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More Hot Air? President’s SOU Speech Fails to Impress Cannabis Rights Groups

Last Prisoner Project and American Cannabis Collective want more action, not more words.




President Joe Biden

According to the LPP, not one of the estimated 3,000 people in federal prison for cannabis-related offenses has been released.
PHOTO: Official White House Photo by Adam Schultz @ Public Domain.

Not everyone was impressed with President Joe Biden’s remarks on cannabis at Thursday’s State of the Union Address.

“I am taking executive action on police reform and directing my cabinet to review the federal classification of marijuana and expunging thousands of convictions for the mere possession of marijuana because no one should be jailed for simply using it or have it on their record,” said Biden.

That sounded nice, and some people—mostly people that make big money in those places in the US where cannabis is legal—were notably happy to hear the executive branch once again saying it’s going to do something in the direction of legalization.  A Benzinga reports lists the notable heads of Pathogen Dx, Entourage Effect Capital, and Poseidon Investment, all pleased with the announcement.

“It’s a significant moment for the country to hear cannabis rescheduling mentioned during President Biden’s State of the Union speech,” said Curaleaf CEO Matt Darin.

“Rescheduling would contribute to further de-stigmatization of the plant, and by removing the burden of 280-E, would allow businesses to place further focus on growth and job creation,” Darin added. “For Curaleaf, removal of 280-E could equate to savings of more than $150MM in excess tax contributions.”

That would be a significant step forward for the industry if such steps were, in fact, taken.  But Biden has talked about this before, and federally everything is still pretty much the same it always was. So it’s anyone’s guess if it’s a real intention, or just another way to drum up votes going into an election year, where some 70% of American, according to a November 2023 Gallup Poll, support legalization.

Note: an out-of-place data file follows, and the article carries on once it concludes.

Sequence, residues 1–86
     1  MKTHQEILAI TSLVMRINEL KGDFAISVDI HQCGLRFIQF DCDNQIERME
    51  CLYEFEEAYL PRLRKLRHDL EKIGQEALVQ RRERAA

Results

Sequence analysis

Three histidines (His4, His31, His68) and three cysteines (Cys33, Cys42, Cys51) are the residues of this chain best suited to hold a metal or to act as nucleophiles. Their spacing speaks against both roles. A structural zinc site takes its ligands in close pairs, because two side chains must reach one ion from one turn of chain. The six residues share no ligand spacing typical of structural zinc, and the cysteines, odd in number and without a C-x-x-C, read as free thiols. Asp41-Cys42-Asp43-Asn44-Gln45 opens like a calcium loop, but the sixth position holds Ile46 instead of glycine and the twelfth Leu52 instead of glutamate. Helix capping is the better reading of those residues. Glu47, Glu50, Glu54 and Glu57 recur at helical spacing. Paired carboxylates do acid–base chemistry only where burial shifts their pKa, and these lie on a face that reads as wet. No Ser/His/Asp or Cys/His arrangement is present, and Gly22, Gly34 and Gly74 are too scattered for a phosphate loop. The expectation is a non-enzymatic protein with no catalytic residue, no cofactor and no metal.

The problem that some have with Biden and his supposed support of cannabis legalization is that he isn’t do enough at the moment to show he’s serious.

“Last night, during his State of the Union address, President Biden declared that ‘no one should be jailed for simply using [cannabis].’ While this statement from a president—and the actions he has taken to pardon nearly 13,000 people and initiate a cannabis scheduling review—is historic, the work is far from done,” said Last Prisoner Project’s (LPP) Executive Director & General Counsel Sarah Gersten in a statement.

According to the group, not one of the estimated 3,000 people in federal prison for cannabis-related offenses has been released.

“Additionally, the pardons have not ‘expunged thousands of records’ nor will they alleviate the collateral consequences of a cannabis conviction like expungement or other forms of record clearance do, added Gersten.

“We need President Biden to use his clemency power to grant more commutations, push Congress to create a federal expungement mechanism, and ensure all harms from the War on Drugs are repaired”, said Gersten. “It’s time to truly right history by de-scheduling cannabis, fully legalizing it, and freeing ALL cannabis prisoners!”

Don Murphy, Co-founder of the American Cannabis Collective agrees. “[Biden] promised that he would stop sending people to jail for simple possession, but the arrests continue, and he is keeping the War on Drugs alive and well,” said Murphy.


The ACC says that while Biden did issue a general pardon for federal offenders with simple possession, that pardon let no one out of jail. And it also has no effect at the state’s level.

“We do not know why he continues to bring up these supposed cannabis pardons, they aren’t real no matter how much they might believe their own rhetoric,” added ACC Co-founder, Carl Cameron.

Thaddeus Flint is the Managing Editor of Global Cannabis Times. He previously worked as a journalist, investigator, and luxury boutique owner. Having lived in NYC, France and Switzerland, he now resides in an off-grid A-frame on a mountain in upstate New York.



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